- Audible Audio Edition
- Listening Length: 12 hours and 8 minutes
- Program Type: Audiobook
- Version: Unabridged
- Publisher: Blackstone Audio, Inc.
- Audible.com Release Date: March 26, 2007
- Whispersync for Voice: Ready
- Language: English
- ASIN: B000OV13QU
- Amazon Best Sellers Rank:
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Death by Black Hole: And Other Cosmic Quandaries Audible – Unabridged
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Top Customer Reviews
In Death by Black Hole and Other Cosmic Quandaries, Tyson sees the universe "not as a collection of objects, theories, and phenomena, but as a vast stage of actors driven by intricate twists of story line and plot."
Each of the book's 42 chapters first appeared, in one form or another, on the pages of Natural History magazine under the heading "Universe" and span the 11-year period of 1995 through 2005. In spite of modest editing of the essays, there remains some overlapping and repetition of information.
Tyson divides his work into seven sections: "The Nature of Knowledge," "The Knowledge of Nature," "Ways and Means of Nature," "The Meaning of Life," "When the Universe Turns Bad," "Science and Culture," and "Science and God."
He discusses, respectively, the challenges of knowing what is knowable in the universe, the challenges of discovering the contents of the cosmos, the challenges and triumphs of knowing how we got here, all the ways the cosmos wants to kill us, the ruffled interface between cosmic discovery and the public's reaction to it, and when ways of knowing collide.
Tyson introduces a diverse company of actors who perform on the universal stage: galaxies, solar systems, stars, quasars, black holes, supernovas, planets, moons, comets, asteroids and meteorites. These cosmic thespians emerge as a strange, bizarre, mind-boggling, awesome and dangerous cast of characters.Read more ›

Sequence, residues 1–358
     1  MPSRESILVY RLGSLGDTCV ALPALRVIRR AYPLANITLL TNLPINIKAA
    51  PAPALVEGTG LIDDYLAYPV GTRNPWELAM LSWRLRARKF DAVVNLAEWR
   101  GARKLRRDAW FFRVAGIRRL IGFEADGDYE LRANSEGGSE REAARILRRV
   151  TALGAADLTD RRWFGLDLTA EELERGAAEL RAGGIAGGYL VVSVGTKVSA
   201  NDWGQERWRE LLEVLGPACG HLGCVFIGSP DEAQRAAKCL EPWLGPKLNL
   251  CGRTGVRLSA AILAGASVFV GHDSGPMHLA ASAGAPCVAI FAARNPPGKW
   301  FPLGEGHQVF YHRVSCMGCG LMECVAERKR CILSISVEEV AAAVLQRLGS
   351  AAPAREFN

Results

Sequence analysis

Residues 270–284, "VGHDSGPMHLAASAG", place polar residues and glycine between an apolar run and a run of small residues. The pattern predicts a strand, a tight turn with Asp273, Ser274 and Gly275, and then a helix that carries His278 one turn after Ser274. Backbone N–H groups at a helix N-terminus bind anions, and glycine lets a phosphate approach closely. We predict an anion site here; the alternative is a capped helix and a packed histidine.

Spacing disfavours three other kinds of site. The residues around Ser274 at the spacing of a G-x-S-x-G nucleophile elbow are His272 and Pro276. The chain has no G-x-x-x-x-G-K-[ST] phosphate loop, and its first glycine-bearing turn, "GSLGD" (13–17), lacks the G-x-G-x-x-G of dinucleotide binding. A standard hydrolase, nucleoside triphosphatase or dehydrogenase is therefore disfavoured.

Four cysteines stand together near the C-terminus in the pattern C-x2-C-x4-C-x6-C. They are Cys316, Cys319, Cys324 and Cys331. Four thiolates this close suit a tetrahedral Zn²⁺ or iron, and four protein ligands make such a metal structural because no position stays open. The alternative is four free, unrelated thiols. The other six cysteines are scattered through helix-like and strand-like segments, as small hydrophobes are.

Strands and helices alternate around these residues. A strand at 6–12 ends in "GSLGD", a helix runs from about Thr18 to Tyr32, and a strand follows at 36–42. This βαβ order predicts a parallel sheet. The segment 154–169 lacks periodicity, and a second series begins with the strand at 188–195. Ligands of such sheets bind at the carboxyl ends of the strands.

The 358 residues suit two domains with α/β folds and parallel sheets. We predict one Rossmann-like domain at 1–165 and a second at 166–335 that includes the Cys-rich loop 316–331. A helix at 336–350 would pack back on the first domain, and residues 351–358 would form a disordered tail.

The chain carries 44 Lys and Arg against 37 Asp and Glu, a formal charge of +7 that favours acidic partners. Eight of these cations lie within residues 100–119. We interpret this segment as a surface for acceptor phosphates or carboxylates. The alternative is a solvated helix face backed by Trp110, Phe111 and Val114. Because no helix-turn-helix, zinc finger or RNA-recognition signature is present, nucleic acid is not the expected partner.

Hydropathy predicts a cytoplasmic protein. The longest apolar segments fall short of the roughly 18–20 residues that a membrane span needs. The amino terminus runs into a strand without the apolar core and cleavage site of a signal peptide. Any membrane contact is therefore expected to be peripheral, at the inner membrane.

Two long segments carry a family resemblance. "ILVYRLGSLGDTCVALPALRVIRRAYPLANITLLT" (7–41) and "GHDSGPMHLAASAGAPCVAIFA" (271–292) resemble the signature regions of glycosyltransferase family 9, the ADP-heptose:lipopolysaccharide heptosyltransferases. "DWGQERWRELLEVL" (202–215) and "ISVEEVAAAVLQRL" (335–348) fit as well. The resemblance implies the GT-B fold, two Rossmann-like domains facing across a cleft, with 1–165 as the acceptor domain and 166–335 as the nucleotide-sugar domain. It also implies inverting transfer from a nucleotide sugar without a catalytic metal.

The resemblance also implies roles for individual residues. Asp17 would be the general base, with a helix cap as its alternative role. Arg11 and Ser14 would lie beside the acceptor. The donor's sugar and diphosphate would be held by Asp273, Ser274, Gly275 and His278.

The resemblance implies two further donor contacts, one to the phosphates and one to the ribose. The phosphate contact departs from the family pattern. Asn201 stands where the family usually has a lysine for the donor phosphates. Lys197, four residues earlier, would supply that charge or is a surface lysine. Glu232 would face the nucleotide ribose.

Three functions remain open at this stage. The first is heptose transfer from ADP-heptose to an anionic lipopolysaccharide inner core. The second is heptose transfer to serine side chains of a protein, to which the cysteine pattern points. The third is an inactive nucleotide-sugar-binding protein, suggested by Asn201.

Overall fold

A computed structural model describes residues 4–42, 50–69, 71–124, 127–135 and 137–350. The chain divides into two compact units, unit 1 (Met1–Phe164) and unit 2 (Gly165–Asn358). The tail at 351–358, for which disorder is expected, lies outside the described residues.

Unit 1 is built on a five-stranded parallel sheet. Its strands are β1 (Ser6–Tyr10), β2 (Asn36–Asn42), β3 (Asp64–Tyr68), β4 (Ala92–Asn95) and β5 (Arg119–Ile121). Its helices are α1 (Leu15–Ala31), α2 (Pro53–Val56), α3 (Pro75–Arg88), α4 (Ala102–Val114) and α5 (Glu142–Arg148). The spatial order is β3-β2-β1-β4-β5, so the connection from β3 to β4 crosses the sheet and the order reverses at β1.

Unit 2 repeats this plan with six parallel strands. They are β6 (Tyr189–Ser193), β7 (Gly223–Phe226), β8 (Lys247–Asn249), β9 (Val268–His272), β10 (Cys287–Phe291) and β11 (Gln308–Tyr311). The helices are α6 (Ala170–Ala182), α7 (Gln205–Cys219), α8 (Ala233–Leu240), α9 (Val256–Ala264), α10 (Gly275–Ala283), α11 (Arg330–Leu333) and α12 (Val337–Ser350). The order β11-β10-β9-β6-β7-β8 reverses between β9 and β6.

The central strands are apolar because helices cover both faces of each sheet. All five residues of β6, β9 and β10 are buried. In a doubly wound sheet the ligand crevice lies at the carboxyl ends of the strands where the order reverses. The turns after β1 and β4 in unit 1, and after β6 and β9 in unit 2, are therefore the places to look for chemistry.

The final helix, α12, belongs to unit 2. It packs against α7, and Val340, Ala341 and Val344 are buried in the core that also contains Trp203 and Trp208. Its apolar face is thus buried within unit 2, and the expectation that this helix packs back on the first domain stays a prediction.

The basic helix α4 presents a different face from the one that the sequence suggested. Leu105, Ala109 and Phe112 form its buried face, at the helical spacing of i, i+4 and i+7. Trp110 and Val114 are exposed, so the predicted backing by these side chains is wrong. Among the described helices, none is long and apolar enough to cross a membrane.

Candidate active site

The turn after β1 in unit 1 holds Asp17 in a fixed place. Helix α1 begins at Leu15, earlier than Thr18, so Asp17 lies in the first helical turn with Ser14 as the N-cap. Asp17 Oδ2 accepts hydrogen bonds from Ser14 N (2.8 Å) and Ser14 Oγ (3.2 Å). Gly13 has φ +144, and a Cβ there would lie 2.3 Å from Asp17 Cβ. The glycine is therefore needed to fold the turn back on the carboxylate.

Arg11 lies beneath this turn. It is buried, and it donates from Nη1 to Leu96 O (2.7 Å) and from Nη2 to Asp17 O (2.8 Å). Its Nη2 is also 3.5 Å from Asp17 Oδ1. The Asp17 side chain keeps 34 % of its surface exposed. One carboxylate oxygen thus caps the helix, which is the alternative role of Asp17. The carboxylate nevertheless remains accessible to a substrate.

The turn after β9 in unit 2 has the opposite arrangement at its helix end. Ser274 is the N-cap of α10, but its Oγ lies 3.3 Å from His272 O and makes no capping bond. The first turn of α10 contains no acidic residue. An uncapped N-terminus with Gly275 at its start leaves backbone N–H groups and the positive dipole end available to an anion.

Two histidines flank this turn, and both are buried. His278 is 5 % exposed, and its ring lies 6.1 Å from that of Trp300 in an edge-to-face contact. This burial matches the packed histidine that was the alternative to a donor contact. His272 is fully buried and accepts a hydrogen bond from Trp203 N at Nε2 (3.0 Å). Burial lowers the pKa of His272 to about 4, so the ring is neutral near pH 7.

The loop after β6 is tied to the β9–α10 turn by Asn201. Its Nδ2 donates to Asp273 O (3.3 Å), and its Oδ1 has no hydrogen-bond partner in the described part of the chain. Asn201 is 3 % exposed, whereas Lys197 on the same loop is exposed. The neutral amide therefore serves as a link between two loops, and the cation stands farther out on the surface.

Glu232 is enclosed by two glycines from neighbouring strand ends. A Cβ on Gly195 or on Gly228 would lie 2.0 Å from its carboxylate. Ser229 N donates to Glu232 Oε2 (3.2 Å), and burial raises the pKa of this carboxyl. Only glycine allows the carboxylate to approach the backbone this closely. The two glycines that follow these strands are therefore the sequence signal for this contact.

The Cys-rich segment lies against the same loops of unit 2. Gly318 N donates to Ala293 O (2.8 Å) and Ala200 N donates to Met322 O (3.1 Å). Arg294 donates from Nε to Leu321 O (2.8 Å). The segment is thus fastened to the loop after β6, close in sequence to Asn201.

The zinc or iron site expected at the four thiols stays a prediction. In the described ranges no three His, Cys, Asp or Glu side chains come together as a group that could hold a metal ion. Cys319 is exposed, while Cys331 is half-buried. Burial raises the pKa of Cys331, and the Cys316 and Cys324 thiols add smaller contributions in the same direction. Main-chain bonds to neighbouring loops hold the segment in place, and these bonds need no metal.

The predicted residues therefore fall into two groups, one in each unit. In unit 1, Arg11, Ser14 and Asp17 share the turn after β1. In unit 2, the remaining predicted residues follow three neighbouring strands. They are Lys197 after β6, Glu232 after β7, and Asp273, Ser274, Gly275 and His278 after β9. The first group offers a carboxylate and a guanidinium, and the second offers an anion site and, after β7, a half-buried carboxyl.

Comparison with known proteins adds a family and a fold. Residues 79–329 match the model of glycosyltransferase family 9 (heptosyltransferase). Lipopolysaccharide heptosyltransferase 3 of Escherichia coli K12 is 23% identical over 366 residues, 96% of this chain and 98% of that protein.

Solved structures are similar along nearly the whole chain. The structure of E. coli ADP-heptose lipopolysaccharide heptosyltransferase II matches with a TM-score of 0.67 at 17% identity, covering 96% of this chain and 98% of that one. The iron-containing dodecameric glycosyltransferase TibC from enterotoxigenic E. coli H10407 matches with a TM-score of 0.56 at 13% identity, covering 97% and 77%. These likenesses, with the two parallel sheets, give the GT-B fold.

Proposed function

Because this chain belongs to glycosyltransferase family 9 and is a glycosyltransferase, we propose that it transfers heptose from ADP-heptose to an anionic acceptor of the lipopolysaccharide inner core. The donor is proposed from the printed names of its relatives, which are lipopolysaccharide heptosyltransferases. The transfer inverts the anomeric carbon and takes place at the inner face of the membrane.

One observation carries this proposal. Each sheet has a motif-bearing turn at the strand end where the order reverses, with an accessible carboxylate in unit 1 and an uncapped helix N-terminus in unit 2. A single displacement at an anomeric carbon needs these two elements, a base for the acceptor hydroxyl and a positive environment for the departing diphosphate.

Tyson's book consists of chapters that appeared as columns in _Natural History_ magazine. There is death and destruction all through it, and yet he writes with buoyant optimism and humor, making even the strangest findings of astrophysics accessible.Read more ›
The amount of subject matter explained in this book is pretty heavy for a non-scientist, yet Mr. Tyson is able to get the points and information across in witty and entertaining way. I did feel that I learned a lot from reading this, from him talking about the smallest of structures such as antimatter, positrons, atoms, etc. to him explaining the largest of structurs and how they work (the universe). Theories on the Big Bang are explained as is the theories and probabilities of other life in the universe. What it would be like to be sucked into a black hole is described as is what it will happen when our Sun will eventually expand, destroying Earth, then die. How about what will happen when our solar system collides with our closest neighboring solar system, the Andromeda Galaxy? It is explained. Mr. Tyson has a talent for making the end of the universe, the eventual extinction of human-kind and our own insignificance sound as entertaining as a movie drama, and he does it with enthusiasm.Read more ›
Most Recent Customer Reviews
We definitely got a badass right here! It was a good read. Din't disappoint at all.Published 19 days ago by Jennifer B. LeVan
I was very disappointed by this book. I'm a very active science reader and found Dr. Tyson's work to be mostly a repeat of high school physics. Read morePublished 28 days ago by Kurt
Not as comprehensive as some books about science out there, but it's nice if you only have a few minutes and want to learn something simple and neat about the process of science or... Read morePublished 28 days ago by Gryfter
As a planetarium control room operator and doing the pre-show cosmology spiels, Neil's take on the Cosmos is interesting, and his style of writing is both informative and casual. Read morePublished 1 month ago by Rich Holtzin
I strongly recommend this book! His arguments along with their evidences are gripping and compelling!Published 1 month ago by Jeffrey Gillenwater